December 15, 2019
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LePage, lawmakers reach deal on $150M bond package for November referendum

AUGUSTA, Maine — The governor and legislators have hashed out a deal for a $149.5 million bond package for state infrastructure projects, putting an end to what has been a pitched political battle during this legislative off-season. Voters will decide whether to approve the package in a November referendum.

The total package is inches from the $150 million cap that Gov. Paul LePage said he would accept from any bond package, and includes political victories for both sides. LePage could claim victory for the $100 million for investment in roads, bridges, ports and working waterfronts, which he originally proposed in March, and was supported by both parties.

Democrats got Republicans to agree to $35 million in spending on upgrades to higher educational facilities. The deal also included $14 million for maintenance and renovations at Maine Armory sites, a proposal by the governor.

The Appropriations and Financial Affairs committee will reconvene next week to hash out the bond bills, and lawmakers are expected to reconvene for what is expected to be be a smooth approval vote on the proposal in time to get the bond on the November ballot.

LePage said that paying back old Medicaid bills to Maine’s hospitals — one of his top policy goals in the recently concluded legislative session — allowed the state to responsibly take on new debt.

“Now that the session is over and lawmakers have been gone for a few weeks, everything has been much calmer in the State House,” he wrote in a prepared statement. “We had productive discussions with legislative leadership, and we were able to put together a bond package based on my original proposal that is a good deal for the people of Maine.”

After weeks of heated rhetoric surrounding the bond deal, Maine Senate President Justin Alfond, D-Portland, said the deal was a “win for Maine.”

“The way these negotiations started, I think a lot of pundits thought this wasn’t going to get done, and we got it done,” Alfond said in an interview Friday. “We were always thinking of how to move things forward for the people of Maine.”

LePage and Democratic leaders had sparred over the timing of a bond package since early July as the governor and Maine Department of Transportation Commissioner David Bernhardt pushed for an August vote on his transportation bond alone, in an effort to land the question on a referendum in November, which the governor said would prevent delays in the Department of Transportation’s 2014 project schedule.

Democrats had said they would take up the transportation bond, as well as other spending for education, research and development, and infrastructure projects — priorities for their party — when the Senate convened in September for confirmation hearings. That would have pushed the referendum until June.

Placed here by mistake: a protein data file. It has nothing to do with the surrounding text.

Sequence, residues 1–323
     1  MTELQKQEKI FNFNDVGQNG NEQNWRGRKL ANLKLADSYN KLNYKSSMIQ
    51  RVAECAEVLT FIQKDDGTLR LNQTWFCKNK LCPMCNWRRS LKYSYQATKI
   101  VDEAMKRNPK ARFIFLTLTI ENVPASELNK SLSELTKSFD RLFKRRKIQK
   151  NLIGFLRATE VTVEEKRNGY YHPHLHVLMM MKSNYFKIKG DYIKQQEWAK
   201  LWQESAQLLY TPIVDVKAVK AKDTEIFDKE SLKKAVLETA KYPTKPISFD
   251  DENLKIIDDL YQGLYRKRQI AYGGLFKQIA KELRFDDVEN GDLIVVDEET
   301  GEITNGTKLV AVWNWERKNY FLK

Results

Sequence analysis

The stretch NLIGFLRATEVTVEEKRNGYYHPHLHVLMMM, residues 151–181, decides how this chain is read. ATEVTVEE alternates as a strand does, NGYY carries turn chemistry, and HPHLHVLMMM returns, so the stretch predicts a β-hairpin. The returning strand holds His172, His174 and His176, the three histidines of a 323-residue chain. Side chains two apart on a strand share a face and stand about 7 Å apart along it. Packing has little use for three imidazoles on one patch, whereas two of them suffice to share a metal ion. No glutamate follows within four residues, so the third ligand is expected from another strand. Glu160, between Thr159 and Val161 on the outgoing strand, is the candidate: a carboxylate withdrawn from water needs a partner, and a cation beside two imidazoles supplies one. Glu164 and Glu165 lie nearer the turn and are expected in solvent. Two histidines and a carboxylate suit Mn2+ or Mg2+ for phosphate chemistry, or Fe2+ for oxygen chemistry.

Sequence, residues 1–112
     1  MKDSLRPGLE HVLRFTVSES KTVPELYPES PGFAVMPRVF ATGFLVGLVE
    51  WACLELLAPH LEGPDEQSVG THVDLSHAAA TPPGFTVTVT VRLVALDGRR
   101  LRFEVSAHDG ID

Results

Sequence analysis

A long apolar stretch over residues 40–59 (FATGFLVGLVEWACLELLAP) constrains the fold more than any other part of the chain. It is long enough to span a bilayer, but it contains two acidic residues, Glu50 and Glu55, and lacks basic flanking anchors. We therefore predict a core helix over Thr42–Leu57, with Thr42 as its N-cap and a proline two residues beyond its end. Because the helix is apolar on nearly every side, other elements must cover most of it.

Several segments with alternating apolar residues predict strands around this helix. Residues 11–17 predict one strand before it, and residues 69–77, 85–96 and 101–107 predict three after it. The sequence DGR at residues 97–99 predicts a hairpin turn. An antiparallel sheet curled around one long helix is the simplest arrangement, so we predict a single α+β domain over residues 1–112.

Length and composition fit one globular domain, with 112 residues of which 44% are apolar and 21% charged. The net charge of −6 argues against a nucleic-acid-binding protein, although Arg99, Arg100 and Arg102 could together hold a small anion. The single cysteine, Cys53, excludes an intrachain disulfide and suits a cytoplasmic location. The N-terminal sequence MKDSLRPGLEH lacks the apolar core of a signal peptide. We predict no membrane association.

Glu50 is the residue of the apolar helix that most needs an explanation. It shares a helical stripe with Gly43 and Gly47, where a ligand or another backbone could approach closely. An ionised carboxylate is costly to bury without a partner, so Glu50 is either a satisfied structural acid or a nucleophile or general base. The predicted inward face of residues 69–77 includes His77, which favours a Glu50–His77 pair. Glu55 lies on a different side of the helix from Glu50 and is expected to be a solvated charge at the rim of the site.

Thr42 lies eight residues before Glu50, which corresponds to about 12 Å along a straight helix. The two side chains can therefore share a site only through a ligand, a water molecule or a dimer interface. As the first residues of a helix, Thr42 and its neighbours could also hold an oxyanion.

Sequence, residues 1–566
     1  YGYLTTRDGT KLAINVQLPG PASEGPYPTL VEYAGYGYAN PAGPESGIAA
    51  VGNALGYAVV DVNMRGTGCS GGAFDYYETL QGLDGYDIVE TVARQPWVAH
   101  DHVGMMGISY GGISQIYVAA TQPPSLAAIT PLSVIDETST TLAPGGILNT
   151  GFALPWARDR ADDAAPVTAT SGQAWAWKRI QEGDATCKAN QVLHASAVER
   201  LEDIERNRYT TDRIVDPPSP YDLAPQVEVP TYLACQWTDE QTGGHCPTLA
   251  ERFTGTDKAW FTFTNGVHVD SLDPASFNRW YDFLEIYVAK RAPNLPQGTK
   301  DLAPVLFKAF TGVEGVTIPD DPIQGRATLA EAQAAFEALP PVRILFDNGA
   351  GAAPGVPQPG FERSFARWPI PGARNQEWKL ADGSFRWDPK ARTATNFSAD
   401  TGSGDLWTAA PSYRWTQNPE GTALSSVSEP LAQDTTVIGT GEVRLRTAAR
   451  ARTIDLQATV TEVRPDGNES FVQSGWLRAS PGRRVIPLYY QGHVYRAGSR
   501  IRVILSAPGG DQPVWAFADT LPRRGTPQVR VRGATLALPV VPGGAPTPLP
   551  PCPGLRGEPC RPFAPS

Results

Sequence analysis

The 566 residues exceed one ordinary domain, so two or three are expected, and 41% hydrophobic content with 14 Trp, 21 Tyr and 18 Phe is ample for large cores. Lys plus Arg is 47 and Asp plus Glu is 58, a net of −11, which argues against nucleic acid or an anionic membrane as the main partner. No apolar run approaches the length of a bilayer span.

Leaders in the House and Senate from both parties have been negotiating around the clock since Wednesday, when the governor met with top lawmakers and set the parameters for what he would consider in a bond package, said House Minority Leader Ken Fredette, R-Newport.

Those stipulations included placement on a November ballot, the $150 million cap and a requirement that all spending be in infrastructure.

“[The deal] shows that when everyone is sitting at the table, and can talk about their differences, you get a product we can all be happy with,” Fredette said.

LePage originally proposed the transportation bond in March, but Democrats put the brakes on the plan, as well as on more than 30 other bond proposals totaling about $1.2 billion, as attention focused on passing a biennial budget and concluding the legislative session on time in June. They said any bond needed to be subject to a thorough, deliberative process and not rushed through the legislature during the final days of the session.

They also called for LePage to release $104 million in bonds approved by voters in 2010 and 2012. LePage agreed to release those bonds in June, after a bill had been passed to pay back outstanding Medicaid debt to Maine’s hospitals.

At the close of the session this spring, Bernhardt had suggested a June vote would not be a problem, but had changed his story as the political fight erupted in recent weeks. Democrats accused the administration of posturing and politicizing the issue, while Republicans accused Democrats of holding the transportation bond hostage until it could be grouped in a bond package with spending they would oppose.

If all goes according to lawmakers’ plan, Voters will approve or deny the bond in five separate referendum questions in November.

The $100 million in transportation infrastructure spending includes $76 million for road and bridge repair or construction and $24 million for ports, rails and public transportation. The $35.5 million in educational infrastructure includes $15.5 million for STEM facility renovations and upgrades across the University of Maine System, $15.5 million for renovations to dormitories and other buildings across Maine Community College System and $4.5 million for a new science facility at Maine Maritime Academy.

Follow Mario Moretto on Twitter at @riocarmine.

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